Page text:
During our first EVP session of the evening in the family room at Laishley house I saw a small white dot shoot from Barbara. The group was all sitting on the floor and I saw the small white dot move quickly from Barbara’s T-Shirt to her right for arm. It was after mentioning this that Barbara said that her right arm felt colder. What I saw was tiny and looked almost like a firefly with its quick movement. At the time there were no car headlights coming from the street, and not wearing contacts it couldn’t be a reflection. It was just after this that I to noted that my right felt colder as well. Though this could have been nothing, it is interesting due what I saw moving to Barbara’s left forearm then her realising that her arm felt cold in the same area.
When entering the room set up as a family room, it was obviously colder. It felt like a wave of cold pass through me the moment I stepped in. It was thought that the temperature difference between this room and the others room may have been caused by the back door being open, but even after closing it there was still a difference. Barbara felt a cold spot in one location of the room. Photos and temperature readings were taken to see if this could be confirmed.
A stud finder was set in a room on one of the beds. Our guest, Chris noticed that the light of the stud finder was going off. It wasn’t going off strong enough to make the sound go off, but the red light was obviously flickering. The group monitored it capturing everything on camera, and after eight minutes it was evident that if anything had been causing it, that it had left.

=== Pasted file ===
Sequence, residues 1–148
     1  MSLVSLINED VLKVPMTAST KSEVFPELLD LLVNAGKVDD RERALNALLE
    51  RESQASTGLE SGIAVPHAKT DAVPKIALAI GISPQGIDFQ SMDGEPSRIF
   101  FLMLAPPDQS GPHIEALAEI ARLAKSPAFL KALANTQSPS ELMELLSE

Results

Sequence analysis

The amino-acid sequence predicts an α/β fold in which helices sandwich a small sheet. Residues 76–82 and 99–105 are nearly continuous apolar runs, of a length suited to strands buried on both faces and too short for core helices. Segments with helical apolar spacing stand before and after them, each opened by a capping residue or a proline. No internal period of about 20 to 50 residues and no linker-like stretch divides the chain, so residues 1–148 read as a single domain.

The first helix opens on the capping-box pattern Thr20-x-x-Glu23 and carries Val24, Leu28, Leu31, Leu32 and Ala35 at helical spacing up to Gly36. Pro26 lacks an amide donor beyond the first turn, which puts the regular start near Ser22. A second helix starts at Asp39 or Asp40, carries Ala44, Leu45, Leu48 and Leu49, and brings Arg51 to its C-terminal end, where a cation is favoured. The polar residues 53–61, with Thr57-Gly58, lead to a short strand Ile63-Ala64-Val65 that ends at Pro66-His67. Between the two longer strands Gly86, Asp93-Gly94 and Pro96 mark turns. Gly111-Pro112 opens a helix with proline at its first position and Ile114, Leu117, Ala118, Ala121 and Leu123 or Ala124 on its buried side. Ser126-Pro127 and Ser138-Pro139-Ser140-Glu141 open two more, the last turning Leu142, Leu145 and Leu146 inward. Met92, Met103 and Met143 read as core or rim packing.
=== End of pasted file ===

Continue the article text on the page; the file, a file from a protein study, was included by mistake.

Barbara – I really felt that the upstairs bedroom was the most active room in the house. During our investigation of the lounge I did sense a coldspot in the lounge. It stayed for a couple of minutes then was not noticeable again. We seemed to have been getting some intelligent responses to questions when we used the studfinder we are trialling in our experiments. I put it on the bed and asked if anything there could make the light go on. The lights flashed between one and two and at one stage I had all lights on (just for a second or so). I seemed to be getting intelligent responses to my questions, however whatever was happening stopped quite abruptly and the device remained unlit and silent for the rest of our investigation. I recorded the whole investigation including various EVP sessions that were done in the lounge and bedroom of Laishley House. We asked questions which would help us ascertain the identity of any spirit we had possible contact with and questioned their attachment to the building.
Mark – It was a quiet and peaceful house with the only notable activity for the night being the ‘stud finder’, sitting on a bed in one of the bedrooms being set off, seemingly on cue of a question or two being asked. However it didn’t really repeat and seemed random in its timing, so it may have just been coincidence. It was a cool night so I didn’t notice any further drops in temperature. Though, upstairs definitely felt slightly warmer to me, but only by a notch.